The Feast of the Strawberry Moon portrays the 18th-century celebration of the return of the French voyageurs to the area with their packs of furs. The Feast camp brings together re-enactors portraying voyageurs, fur traders, period artisans and military from a time when fur trading was the main industry in the Tri-Cities area during from 1760 to 1820.
Dr. Thornberg, our orthodontist, began telling us how much she and her family love attending the event and how they look forward to seeing some of the same people each year. High on her list of favorites are the Budabi Brothers, who had taken the time between shows to teach her two young sons how to juggle. It was obviously a very special memory for her.
The Amazing Budabi Brothers is a comedic juggling act consisting of brothers Erik Jensen and Nick Langseth. The pair have performed at the Feast for most of its 13 years, leaving audiences spellbound by flying knives, dangerous acrobatics and quick wit. I always enjoy their show and often find myself reciting their jokes as they perform. Between shows, the brothers graciously spend their free time teaching children around the camp the art of juggling.
This year marks my ninth year working at the Feast as part of my job at the museum. I have had the pleasure of working alongside dedicated, experienced volunteers who make the event run smoothly. I also have the pleasure of getting to know the more than 200 participants who visit us and set up camp to portray a craft, military discipline or trade. This is a close-knit group of people who my family and I have become a part of. Each year we welcome one another, hug, swap stories, see how much kids have grown, eat together and get to work showcasing to the community life in the 18th century.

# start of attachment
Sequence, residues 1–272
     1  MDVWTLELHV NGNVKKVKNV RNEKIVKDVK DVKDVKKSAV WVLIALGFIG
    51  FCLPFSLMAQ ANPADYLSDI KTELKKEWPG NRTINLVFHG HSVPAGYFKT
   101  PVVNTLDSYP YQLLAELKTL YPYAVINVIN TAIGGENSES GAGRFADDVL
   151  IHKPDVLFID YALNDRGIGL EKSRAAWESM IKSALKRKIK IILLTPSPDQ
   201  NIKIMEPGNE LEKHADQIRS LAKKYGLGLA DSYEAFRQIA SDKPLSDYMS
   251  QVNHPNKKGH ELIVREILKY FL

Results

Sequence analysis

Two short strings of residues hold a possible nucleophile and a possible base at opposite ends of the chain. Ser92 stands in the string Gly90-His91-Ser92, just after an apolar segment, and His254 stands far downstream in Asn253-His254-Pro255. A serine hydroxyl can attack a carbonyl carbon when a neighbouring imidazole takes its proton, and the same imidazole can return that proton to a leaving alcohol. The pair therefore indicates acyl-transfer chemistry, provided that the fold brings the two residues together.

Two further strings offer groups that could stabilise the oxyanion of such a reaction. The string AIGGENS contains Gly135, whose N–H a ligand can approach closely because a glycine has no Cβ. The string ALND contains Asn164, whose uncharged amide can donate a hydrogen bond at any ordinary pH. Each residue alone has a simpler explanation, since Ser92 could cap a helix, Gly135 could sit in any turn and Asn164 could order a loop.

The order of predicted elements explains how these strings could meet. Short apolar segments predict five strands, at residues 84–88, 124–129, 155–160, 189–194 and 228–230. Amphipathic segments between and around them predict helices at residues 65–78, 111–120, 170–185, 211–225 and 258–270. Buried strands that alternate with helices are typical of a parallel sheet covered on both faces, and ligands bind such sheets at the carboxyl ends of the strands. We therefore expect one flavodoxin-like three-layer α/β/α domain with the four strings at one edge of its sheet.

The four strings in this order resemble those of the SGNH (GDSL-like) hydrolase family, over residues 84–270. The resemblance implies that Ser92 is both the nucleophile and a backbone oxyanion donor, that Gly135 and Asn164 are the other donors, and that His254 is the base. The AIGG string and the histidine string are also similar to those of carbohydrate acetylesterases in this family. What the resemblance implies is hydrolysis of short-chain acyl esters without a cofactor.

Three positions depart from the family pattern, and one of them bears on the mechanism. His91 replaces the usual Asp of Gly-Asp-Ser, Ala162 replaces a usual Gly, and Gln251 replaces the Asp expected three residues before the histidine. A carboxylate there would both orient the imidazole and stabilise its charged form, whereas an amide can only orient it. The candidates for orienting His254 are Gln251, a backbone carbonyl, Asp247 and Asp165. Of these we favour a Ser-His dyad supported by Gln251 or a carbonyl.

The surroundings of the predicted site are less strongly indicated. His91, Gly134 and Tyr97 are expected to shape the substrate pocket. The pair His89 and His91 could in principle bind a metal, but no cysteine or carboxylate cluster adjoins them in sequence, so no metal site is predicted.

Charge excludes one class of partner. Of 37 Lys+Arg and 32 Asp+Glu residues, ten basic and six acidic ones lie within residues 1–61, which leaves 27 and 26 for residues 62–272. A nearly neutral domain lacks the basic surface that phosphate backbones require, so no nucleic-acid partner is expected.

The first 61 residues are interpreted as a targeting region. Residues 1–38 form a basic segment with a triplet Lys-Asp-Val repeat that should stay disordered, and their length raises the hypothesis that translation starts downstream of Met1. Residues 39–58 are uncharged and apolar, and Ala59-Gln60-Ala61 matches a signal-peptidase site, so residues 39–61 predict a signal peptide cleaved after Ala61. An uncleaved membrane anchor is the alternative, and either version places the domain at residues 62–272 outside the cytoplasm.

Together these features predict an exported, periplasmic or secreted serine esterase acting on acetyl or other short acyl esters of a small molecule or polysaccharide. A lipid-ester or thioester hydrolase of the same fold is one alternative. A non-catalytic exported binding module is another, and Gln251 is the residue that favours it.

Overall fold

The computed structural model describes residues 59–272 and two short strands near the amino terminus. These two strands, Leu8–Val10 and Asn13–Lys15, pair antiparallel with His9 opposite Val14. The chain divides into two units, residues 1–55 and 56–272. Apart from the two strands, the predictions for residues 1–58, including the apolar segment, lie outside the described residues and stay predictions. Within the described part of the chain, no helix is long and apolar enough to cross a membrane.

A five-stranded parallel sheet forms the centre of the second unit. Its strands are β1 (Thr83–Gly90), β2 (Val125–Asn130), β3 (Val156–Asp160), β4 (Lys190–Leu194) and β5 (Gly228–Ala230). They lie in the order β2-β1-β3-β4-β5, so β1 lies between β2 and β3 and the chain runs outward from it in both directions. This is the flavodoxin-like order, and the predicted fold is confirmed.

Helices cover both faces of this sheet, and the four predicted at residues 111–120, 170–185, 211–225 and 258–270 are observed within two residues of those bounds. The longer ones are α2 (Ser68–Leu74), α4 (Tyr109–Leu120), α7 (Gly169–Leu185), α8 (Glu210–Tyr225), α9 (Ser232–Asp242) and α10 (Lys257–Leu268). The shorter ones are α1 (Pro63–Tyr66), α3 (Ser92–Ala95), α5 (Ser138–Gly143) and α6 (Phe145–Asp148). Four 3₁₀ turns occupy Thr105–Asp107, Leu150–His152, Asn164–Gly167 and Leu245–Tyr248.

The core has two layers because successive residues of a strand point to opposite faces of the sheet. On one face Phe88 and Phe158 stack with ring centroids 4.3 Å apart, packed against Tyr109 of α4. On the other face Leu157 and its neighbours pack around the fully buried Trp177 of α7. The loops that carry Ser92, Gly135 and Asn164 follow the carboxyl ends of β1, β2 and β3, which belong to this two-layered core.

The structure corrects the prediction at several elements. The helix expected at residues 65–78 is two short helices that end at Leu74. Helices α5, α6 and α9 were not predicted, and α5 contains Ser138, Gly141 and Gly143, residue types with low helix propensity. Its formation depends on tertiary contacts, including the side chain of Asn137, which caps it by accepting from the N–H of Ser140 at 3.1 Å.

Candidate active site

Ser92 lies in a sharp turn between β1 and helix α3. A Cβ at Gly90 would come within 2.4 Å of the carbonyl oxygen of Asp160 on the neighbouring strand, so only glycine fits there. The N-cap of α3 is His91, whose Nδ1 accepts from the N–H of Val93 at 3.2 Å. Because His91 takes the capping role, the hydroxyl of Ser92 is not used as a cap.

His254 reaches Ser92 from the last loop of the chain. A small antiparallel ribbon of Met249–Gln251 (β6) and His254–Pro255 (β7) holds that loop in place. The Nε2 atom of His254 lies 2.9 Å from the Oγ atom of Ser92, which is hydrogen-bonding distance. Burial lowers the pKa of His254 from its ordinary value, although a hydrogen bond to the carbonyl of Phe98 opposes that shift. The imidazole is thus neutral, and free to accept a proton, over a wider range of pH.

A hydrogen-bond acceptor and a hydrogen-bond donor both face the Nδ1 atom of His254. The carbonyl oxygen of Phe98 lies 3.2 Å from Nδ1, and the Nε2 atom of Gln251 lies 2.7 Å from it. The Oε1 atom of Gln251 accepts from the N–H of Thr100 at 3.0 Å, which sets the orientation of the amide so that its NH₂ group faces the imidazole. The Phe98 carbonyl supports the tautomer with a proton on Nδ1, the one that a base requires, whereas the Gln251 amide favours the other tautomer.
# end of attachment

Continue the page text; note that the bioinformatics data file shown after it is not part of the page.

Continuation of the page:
My son, Aidan, has been volunteering at the Feast since he was very small. As with most of the younger volunteers, he started off as a “runner.” Runners basically do errands around the camp, such as fetching and hauling and delivering messages.
Aidan is growing up with this event. It has become an important part of his life. Between his job assignments, he hangs out in Two Bears' fur tent, admiring the merchandise.
I always pay him a little something for the weekend and he promptly marches over to Two Bears to begin his negotiations for the latest pelt that has caught his eye. It’s become a tradition of sorts, and his bedroom at home is beginning to look a bit like a fur trade post.
Sadly for me, this year Aidan will not be working at the Feast due to baseball tournaments. And my dear friends, the Riddles, will not be here with their sheep and delightful soaps.
Nonetheless, I’m looking forward to the event and the new changes for this year. The food is going to be fabulous! The forfarbridies are being made locally by Meals for a Week, and are they delicious. The museum’s youth docents will be hawking snack foods of the period, such as maple candy, saltwater taffy and corn nuts. Kids can attend as students at a one-room schoolhouse with daily lessons, and a children’s tug-of-war will be new in the games area. The Wacky Chickens will be joining the Budabi Brothers in the entertainment line up. The D3 Fife and Drum Corps will be playing throughout the day on Saturday.
Witness the skirmishes, the military parade, the demonstrations, the candy cannon and all that you have come to expect from this event. Join us this year on Harbor Island, June 8-9. Go back to the late 1700s and make some new friends and memories of your own.
— Barb Carlson is the marketing/media manager for the Tri-Cities Historical Museum in Grand Haven.